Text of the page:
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How To Build Resilience

Updated on April 23, 2015

Building Resilience To Bounce Back Quickly From Setbacks

"The Beauty of Life surrounds me,

the Joy of Life uplifts me,

and the Resilience of Life protects me.

It is enough."

—Laura Teresa Marquez

I'm thankful for my resiliency, for my ability to bounce back quickly from setbacks, and to stay up in down times.

I wasn't always this way.

During a long and difficult period of my life I was down, depressed, feeling helpless and hopeless about my future. But, learning how to build resilience enabled me to overcome my pessimism and become realistically optimistic.

Things have gone much better for me ever since.

Two things helped me to develop that realistic optimism:

1) the capacity to create results that matter to me, and

2) building resilience, my ability to bounce back quickly from losses and setbacks.

"Emotional resilience says stress counselor Elizabeth Scott, "refers to one’s ability to adapt to stressful situations or crises. More resilient people are able to "roll with the punches" and adapt to adversity without lasting difficulties; less resilient people have a harder time with stress and life changes, both major and minor.

"It’s been found that those who deal with minor stresses more easily can also manage major crises with greater ease, so resiliency has its benefits for daily life as well as for the rare major catastrophe."

Learning how to recover after loss, failure, or other adversity is key to building resilience, and to achieving successful results in life, work, and relationships.

Resilience means able to bounce back from setbacks!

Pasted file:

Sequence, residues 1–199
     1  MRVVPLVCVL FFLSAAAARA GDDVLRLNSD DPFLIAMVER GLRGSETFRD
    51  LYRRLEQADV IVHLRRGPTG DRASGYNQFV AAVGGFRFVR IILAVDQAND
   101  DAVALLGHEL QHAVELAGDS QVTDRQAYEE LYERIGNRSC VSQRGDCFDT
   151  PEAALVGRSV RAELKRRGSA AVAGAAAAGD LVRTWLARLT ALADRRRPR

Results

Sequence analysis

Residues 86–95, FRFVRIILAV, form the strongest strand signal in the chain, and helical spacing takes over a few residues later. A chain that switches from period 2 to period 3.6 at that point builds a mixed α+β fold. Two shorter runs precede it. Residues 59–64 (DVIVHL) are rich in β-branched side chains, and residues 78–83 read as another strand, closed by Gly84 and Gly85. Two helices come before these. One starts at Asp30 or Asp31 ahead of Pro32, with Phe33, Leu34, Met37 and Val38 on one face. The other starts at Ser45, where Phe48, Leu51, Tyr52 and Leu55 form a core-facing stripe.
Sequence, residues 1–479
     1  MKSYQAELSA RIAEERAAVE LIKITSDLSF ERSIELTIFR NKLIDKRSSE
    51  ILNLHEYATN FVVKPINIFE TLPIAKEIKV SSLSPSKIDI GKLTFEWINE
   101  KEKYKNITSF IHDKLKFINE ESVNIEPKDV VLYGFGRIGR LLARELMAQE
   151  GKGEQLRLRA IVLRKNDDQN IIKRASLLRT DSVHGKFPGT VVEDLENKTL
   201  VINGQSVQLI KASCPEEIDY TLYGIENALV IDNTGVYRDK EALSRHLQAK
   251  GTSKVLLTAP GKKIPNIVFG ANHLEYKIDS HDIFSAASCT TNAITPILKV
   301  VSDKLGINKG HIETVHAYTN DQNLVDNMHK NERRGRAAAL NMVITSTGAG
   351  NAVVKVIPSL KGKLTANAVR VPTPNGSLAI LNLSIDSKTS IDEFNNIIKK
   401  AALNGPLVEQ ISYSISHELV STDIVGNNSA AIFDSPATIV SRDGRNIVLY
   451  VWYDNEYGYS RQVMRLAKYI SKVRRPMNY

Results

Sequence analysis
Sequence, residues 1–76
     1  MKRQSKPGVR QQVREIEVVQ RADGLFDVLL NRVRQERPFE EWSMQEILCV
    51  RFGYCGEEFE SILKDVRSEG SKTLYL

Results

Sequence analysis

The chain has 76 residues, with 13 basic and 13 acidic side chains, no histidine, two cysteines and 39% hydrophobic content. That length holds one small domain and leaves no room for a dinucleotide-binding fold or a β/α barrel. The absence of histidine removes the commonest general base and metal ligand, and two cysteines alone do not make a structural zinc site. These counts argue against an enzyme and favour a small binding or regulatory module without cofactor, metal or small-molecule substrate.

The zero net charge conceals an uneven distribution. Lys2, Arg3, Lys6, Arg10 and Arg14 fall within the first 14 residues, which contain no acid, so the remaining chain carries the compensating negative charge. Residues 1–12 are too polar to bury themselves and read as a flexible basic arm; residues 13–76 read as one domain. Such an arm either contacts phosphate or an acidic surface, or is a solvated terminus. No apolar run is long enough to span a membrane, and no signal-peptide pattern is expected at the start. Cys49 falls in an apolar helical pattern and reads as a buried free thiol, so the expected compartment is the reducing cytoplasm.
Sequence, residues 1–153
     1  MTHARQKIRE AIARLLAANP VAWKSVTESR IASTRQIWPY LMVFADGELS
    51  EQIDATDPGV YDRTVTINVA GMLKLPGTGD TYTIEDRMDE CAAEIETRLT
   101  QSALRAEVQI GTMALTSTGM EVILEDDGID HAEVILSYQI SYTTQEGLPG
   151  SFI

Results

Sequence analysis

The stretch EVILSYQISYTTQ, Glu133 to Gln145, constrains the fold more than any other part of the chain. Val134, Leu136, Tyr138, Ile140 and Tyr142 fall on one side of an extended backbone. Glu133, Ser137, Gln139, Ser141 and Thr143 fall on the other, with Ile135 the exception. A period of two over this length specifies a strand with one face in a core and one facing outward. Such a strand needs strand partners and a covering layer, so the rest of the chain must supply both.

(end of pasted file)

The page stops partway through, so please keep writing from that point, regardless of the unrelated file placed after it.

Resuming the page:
Resilience means able to bounce back from setbacks!

Getting Back Up: Learning From Failure

“Suppose you have tried and failed again and again,” said actress Mary Pickford. “You may have a fresh start any moment you choose, for this thing that we call failure is not the falling down, but the staying down.”

Ms Pickford makes a distinction between the act of failing and the conclusions you draw about that act. Those who stay down judge that they have failed. They generalize from their act to the illogical conclusion, “I am a failure.”

Worse, they may go even further, and generalize to, “I always fail.”

Thus, they assume, there is no point in getting up. Viewing themselves as victims of circumstances, they stay down, don't act, and don't learn from their experience.

But making mistakes—and correcting them—is key to creating, and resilience. There is no failure in learning, only feedback. Fail fast; learn quickly.

Edison failed hundreds, even thousands of times, before he found a reliable filament for light bulbs. But did you know that giants such as Henry Ford and Walt Disney suffered multiple bankruptcies before they achieved lasting success.

Paralyzed from the waist down, "Man In Motion" Rick Hansen wheeled around the globe, raising millions for spinal cord research. Cyclist Lance Armstrong overcame major, mid-career cancer to win Le Tour de France seven times.

Daily, millions of people get up after being knocked down. Unwilling to adopt a victim story, they keep trying, and learning. They take power from adversity, and place it in their own hands, increasing their "sense of control."

Control, along with ownership of results, is key to building resiliency. "Resilience," says Paul Stoltz, author of Adversity Quotient: Turning Obstacles Into Opportunities, "is the single greatest factor in driving change, improvement, and results."

Owning The Results You Want to Create

Faced with adversity, don't blame yourself, circumstances, or other people. The origin of adversity is not nearly as important as owning the results you want to create—in spite of who or what caused the difficulty.

If you suffer a loss—physically, emotionally, or financially—focusing on that loss, how it happened, or who was responsible will make it harder for you to get beyond it, and create the results you want.

"Experience," said Aldous Huxley, "is not what happens to you. Experience is what you do with what happens to you."

If you lose a job, don't focus on the injustice, or inconvenience. Focus on the kind and quality of job you most want. If you lose a friend or lover, don't just grieve the loss. Focus on improving friendships, or finding new friends. If you suffer a business loss, regroup, revsision your business, and focus on the results you truly want to create.